There are many B&Bs in the area. One of the classic places to stay is the Cape Dutch-styled Stellendal, situated at 169 Main Road (https://www.stellendal.co.za/, info@stellendal.co.zahttps://www.booking.com/hotel/za/guest-house-stellendal.en-gb.html).

At the top end of Main Road is Mangiare Trattoria (171 Main Road, 021 851 2618, https://www.facebook.com/MangiareSW/), which serves Italian food (above).

Also at the top end of Main Road, at the same site, is Opa Greek Taverna (171 Main Road, 021 851 2618, opatavernas@gmail.com).

Across the road from Mangiare and Opa is Henri’s Restaurant and Wine Bar, on the corner of Main Road and Lourensford Road (021 852 6442, info@henrisrestaurant.co.za, https://henrisrestaurant.co.za/).

Pierre and staff welcome their guests to a heritage house serving comfort food with a global influence. They offer a selection of beers and wines, and the place’s contemporary charm and winter fires offer a suitable place for a relaxed dinner with friends.

At the top of Main Street is a treasure trove, Memory Lane (collectables).

Visitors will be pleasantly surprised by their finds in this shop, which sells antiquities and collectables. They will certainly be transported down memory lane. Visit https://www.facebook.com/NowandThenVintage/.

It’s been there for 40 years now, and it’s still going strong. The nice thing about it is that there are many bargains; the owner puts only a certain fixed percentage on the original price that she pays for the goods.

A photograph of upper Main Road

Looking down the road, in the direction of the mountains (Helderberg Mountain), one can see the row of art deco buildings flanking Main Road. On the right is Memory Lane; the following photo cluster reflects some of the merchandise that can be bought here.

Merchandise that the collector can find at Memory Lane in Main Road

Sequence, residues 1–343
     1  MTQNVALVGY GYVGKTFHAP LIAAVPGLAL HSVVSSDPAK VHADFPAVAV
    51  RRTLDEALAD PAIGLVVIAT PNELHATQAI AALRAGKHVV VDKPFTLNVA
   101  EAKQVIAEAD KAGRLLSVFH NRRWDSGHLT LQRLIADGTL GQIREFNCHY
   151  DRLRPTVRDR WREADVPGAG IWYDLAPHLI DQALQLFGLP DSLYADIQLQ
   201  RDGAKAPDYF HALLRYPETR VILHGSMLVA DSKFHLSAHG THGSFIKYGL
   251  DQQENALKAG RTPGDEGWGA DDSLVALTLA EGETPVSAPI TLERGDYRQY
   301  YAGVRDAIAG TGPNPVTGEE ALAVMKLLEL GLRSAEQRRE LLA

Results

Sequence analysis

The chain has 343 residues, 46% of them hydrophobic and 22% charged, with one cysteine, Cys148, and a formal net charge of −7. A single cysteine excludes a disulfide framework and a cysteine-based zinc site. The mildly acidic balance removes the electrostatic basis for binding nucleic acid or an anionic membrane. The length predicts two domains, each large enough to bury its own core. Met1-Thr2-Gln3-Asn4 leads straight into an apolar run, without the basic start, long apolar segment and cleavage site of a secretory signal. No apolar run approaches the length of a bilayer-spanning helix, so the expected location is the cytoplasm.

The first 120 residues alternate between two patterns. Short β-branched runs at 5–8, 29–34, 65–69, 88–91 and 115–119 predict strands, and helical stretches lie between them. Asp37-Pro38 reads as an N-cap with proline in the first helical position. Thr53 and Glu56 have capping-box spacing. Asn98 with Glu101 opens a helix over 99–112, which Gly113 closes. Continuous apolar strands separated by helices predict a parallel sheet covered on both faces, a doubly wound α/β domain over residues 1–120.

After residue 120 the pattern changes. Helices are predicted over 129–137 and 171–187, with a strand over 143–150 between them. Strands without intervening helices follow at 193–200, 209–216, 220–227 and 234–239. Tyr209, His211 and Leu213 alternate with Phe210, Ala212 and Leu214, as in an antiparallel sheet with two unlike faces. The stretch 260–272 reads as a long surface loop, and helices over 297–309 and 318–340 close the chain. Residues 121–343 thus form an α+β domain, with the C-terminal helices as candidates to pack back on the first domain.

The four interlinking Ds, the emblem of Royal Doulton

At Memory Lane, it is still very possible to find excellent marks, such as Royal Doulton, the English ceramic manufacturing company that produced tableware and collectables.

Operating originally in London, Royal Doulton emerged as one of the most sought-after manufacturers of china crockery, alongside Royal Crown Derby, Royal Worcester, Wedgwood, Spode and Mintons.

The way to identify Royal Doulton is to check for its mark or “backstamp” on the underside of the ware.

The most common Doulton mark is circular, with the central four interlinking D symbols.

Royal Doulton is still very much sought after, although as a company it no longer exists, having become part of the WWRD group.

Look out for this exclusive tableware at Memory Lane. 

This is a view of upper Main Road, taken by Norman McLeod in 1952, from a vantage point roughly near where Memory Lane is today. Further down, on the left, is where Central Fisheries once stood. The Helderberg area is well known for its fish and chips shops, of which there are a number. Today, Mike’s Take-aways and Fisheries is situated on Main Road, a little higher up on the left, as one goes in the direction of Cape Town. In the photograph below, one sees the freshly fried fish and chips, which can still be purchased for a very reasonable amount at Mike’s. One can also see the row of art deco buildings on the right-hand side of the picture.